As regards the question of labour, Mr. Elwes is entirely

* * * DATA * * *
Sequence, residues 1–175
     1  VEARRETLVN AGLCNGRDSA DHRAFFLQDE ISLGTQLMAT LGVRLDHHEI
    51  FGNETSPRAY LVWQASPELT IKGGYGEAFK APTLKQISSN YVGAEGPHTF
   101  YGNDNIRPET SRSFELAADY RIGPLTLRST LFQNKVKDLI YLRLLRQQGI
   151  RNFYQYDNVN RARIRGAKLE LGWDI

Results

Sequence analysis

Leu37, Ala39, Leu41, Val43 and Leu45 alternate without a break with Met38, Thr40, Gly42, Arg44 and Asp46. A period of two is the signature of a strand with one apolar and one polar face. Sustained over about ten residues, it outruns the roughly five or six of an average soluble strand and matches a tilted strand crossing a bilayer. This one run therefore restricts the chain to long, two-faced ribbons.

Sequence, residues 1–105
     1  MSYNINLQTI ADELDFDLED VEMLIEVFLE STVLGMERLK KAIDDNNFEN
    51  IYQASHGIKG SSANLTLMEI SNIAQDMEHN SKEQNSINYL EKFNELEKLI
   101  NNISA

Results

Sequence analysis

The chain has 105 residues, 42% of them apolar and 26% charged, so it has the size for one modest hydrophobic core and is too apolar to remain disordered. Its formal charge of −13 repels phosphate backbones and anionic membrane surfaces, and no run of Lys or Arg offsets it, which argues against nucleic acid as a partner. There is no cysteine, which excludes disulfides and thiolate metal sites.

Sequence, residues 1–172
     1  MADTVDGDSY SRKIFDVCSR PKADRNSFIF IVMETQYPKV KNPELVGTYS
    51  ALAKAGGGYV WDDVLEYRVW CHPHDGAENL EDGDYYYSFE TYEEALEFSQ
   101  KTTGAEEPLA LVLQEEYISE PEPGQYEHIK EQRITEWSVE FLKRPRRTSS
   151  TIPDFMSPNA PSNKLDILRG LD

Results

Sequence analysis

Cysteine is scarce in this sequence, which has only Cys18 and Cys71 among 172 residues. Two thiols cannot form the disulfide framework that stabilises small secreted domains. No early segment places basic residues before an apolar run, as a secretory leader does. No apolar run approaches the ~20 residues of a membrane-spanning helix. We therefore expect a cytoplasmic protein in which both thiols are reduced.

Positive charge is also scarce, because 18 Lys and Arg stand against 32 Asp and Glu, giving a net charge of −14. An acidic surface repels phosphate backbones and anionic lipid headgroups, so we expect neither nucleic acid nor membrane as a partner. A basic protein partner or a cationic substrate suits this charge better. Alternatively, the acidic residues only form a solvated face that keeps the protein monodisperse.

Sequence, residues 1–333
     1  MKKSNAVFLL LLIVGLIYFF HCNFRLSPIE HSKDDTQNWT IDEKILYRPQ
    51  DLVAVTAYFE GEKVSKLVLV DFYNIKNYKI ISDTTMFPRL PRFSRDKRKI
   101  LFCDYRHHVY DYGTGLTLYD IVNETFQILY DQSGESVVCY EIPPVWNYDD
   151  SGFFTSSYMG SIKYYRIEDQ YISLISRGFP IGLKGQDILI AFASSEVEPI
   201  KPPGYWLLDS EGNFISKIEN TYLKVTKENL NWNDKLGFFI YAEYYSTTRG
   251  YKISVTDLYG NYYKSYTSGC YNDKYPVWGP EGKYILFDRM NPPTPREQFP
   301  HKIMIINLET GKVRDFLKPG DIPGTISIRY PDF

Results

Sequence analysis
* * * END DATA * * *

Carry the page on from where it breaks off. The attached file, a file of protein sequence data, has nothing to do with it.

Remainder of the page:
seeptical as to the capacity of casual or unemployed townsmen. Again, suitable areas of waste land in England can only be obtained in districts remote from the habitats of the unem- ployed, thus involving the necessity of providing accommoda- tion on a large scale. He also notes that cheap or waste land will not produce high-class or large timber; alleges that the Report omits to allude to many dangers certain to diminish Profits ; and points out the disastrous results on private enter- prise of " the knowledge that sooner or later Government timber to the enormous value estimated by the Commission Would be thrown on the market and sold for what it would fetch." Mr. Elwes cordially supports the establishment of a Beard of Forestry to experiment on selected areas in existing Government forests or new areas of really good land, and would encourage private planting by exemptions from rates and taxes in the case of young plantations and unprofitable woodlands. But he has no hesitation in condemning the suggestions of the Report as a revolutionary experiment based on very imperfect evidence.